Yuval Harari suggests the what separates Homo sapiens from all other species is our ability to share stories. And the best stories win. They need not (and usually aren’t) true in any objective sense; objective meaning tangibly real, like a banana. For this reason, I, one of the ‘Nones,’ share my story with your audience. Just food for thought. Have a happy holiday. Irwin
Great comments and great story, Irwin. It turns out that you and I are actually not all that far apart as to our “theology.” That said the “why” of it all is a question that still gets asked and scientific answers not are totally sufficient for some. I am the first to admit, however, that religion does not either. We have to accept the fact that absolute answers are a mystery and likely to remain so. And that, in a way, is what makes life so interesting….
Hope, yes. And there IS GOOD as well as evil. Both exist. Perhaps you become an optimist and believe in the good beacuse you have been given the gift of seeing it and loving it and are lucky not to have not been overwhelmed by the abuse of evil. I like to speak of the spiritual life rather than the religious life. The religious life means that you belong to a club of believers with certain specific beliefs. Perhaps it is a very good club, but one capable of great evil as well as great good. Certainly history tells us that. Ironically, we must and we will continue to work to help good overcome evil, knowing full well that we will never ultimately succeed, given human nature. Thank you, Joe, for your very thoughtful and wonderful essay.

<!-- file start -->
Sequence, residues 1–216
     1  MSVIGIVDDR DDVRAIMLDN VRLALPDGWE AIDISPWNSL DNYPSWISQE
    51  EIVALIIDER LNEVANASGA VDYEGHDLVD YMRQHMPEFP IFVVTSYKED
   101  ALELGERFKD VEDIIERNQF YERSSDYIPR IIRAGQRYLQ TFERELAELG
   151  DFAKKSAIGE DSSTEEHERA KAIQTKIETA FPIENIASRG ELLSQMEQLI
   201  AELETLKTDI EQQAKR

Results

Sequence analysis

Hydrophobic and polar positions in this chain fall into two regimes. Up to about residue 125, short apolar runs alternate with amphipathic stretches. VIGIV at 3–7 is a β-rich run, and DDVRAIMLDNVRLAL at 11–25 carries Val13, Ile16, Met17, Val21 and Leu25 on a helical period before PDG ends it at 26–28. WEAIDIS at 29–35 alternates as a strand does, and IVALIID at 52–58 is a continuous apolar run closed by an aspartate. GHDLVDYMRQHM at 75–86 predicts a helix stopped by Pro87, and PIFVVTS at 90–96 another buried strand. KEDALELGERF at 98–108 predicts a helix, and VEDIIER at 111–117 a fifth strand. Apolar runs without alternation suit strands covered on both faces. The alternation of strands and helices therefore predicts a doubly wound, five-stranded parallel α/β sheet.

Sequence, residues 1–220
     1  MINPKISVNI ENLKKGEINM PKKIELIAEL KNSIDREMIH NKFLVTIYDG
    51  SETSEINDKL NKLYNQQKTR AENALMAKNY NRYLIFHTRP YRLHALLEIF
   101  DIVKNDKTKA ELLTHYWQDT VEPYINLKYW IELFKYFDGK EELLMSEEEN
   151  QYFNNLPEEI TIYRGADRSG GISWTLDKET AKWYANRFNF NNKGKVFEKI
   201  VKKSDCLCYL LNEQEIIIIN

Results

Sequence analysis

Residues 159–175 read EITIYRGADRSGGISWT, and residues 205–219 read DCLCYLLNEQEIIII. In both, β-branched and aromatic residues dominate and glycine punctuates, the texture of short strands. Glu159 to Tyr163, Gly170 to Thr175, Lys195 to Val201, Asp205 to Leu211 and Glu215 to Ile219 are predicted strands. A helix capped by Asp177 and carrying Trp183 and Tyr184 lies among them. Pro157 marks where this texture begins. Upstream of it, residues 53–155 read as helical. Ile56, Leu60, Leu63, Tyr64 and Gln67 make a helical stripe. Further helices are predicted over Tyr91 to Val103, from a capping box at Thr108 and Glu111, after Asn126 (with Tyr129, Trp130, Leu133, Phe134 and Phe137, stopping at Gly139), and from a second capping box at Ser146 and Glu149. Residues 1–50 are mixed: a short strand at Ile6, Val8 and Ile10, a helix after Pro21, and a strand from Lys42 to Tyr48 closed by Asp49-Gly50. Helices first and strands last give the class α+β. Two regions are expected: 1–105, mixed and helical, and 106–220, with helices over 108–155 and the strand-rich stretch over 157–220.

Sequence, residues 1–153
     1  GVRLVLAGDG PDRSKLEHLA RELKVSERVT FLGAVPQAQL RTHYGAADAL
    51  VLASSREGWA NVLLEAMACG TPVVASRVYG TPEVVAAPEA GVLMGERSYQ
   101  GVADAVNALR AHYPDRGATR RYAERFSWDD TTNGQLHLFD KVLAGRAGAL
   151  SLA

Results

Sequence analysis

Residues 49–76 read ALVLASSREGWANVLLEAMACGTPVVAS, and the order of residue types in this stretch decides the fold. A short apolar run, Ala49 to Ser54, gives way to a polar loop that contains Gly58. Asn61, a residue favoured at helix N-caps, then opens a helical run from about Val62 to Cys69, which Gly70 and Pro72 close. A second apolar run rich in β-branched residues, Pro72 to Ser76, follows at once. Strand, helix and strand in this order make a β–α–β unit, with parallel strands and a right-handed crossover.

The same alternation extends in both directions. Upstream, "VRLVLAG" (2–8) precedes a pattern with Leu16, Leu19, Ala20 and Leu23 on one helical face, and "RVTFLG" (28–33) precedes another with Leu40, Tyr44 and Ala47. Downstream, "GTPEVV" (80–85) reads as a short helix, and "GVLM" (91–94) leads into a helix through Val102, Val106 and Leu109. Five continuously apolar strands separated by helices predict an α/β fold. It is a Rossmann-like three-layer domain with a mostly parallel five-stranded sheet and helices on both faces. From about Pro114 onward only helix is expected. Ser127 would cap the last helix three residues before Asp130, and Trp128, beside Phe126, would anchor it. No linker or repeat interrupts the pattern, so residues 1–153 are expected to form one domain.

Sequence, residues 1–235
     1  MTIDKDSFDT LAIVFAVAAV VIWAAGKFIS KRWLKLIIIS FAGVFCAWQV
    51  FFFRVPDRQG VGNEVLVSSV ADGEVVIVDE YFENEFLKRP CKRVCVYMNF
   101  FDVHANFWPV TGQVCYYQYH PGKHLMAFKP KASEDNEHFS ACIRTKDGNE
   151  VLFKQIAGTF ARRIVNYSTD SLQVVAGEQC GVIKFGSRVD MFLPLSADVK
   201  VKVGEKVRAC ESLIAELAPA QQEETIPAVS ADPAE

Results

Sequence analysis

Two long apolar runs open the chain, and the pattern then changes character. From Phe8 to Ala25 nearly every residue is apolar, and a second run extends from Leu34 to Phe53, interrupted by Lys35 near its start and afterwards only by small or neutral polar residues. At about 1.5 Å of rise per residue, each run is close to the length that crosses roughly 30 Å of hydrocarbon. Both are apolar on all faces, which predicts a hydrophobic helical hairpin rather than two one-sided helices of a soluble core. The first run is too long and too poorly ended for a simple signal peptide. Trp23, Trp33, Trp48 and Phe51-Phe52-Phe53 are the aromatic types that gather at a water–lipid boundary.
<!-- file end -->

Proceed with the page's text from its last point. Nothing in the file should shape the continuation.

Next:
Well said, Dickson and agree that there is fine line between the religious and the spiritual and both have merit. I do confess that I belong to the All Souls Episcopal Church “club” which does have specific beliefs though I am Exhibit A that this club does not throw people out for “bad beliefs” because if they did I would be the first to go. I think that given the choice of having to choose between being spiritual and religious, I would go for spiritual.